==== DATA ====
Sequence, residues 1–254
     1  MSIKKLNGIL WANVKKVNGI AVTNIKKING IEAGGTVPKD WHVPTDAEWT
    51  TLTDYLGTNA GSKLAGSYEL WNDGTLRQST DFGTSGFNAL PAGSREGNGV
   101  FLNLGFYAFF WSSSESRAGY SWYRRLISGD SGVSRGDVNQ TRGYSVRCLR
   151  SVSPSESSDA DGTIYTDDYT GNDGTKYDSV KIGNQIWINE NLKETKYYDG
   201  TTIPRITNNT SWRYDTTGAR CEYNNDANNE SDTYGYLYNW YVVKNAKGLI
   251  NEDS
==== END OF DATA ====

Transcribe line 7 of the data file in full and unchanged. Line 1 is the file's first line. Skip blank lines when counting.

   251  NEDS